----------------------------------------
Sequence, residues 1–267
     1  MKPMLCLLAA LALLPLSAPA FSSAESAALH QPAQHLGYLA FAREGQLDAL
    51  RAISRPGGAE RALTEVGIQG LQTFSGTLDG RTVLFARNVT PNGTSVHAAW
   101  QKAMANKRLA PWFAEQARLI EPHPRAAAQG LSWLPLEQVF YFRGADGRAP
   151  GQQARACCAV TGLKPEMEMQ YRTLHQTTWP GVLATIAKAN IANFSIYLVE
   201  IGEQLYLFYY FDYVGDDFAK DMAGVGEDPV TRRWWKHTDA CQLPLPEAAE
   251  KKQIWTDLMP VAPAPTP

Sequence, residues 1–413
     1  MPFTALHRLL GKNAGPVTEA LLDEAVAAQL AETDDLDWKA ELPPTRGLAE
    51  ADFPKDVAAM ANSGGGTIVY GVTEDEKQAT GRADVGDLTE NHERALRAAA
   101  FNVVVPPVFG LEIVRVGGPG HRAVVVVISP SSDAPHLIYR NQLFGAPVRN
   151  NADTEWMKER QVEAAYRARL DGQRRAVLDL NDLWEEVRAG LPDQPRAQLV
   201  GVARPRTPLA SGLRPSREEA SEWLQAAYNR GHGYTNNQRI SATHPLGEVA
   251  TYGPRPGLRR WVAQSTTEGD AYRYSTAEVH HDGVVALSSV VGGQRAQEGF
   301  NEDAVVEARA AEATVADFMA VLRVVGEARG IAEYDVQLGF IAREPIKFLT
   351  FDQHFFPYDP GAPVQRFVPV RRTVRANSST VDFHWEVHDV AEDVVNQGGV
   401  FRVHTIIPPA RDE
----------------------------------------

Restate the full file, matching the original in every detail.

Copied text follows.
Sequence, residues 1–267
     1  MKPMLCLLAA LALLPLSAPA FSSAESAALH QPAQHLGYLA FAREGQLDAL
    51  RAISRPGGAE RALTEVGIQG LQTFSGTLDG RTVLFARNVT PNGTSVHAAW
   101  QKAMANKRLA PWFAEQARLI EPHPRAAAQG LSWLPLEQVF YFRGADGRAP
   151  GQQARACCAV TGLKPEMEMQ YRTLHQTTWP GVLATIAKAN IANFSIYLVE
   201  IGEQLYLFYY FDYVGDDFAK DMAGVGEDPV TRRWWKHTDA CQLPLPEAAE
   251  KKQIWTDLMP VAPAPTP

Sequence, residues 1–413
     1  MPFTALHRLL GKNAGPVTEA LLDEAVAAQL AETDDLDWKA ELPPTRGLAE
    51  ADFPKDVAAM ANSGGGTIVY GVTEDEKQAT GRADVGDLTE NHERALRAAA
   101  FNVVVPPVFG LEIVRVGGPG HRAVVVVISP SSDAPHLIYR NQLFGAPVRN
   151  NADTEWMKER QVEAAYRARL DGQRRAVLDL NDLWEEVRAG LPDQPRAQLV
   201  GVARPRTPLA SGLRPSREEA SEWLQAAYNR GHGYTNNQRI SATHPLGEVA
   251  TYGPRPGLRR WVAQSTTEGD AYRYSTAEVH HDGVVALSSV VGGQRAQEGF
   301  NEDAVVEARA AEATVADFMA VLRVVGEARG IAEYDVQLGF IAREPIKFLT
   351  FDQHFFPYDP GAPVQRFVPV RRTVRANSST VDFHWEVHDV AEDVVNQGGV
   401  FRVHTIIPPA RDE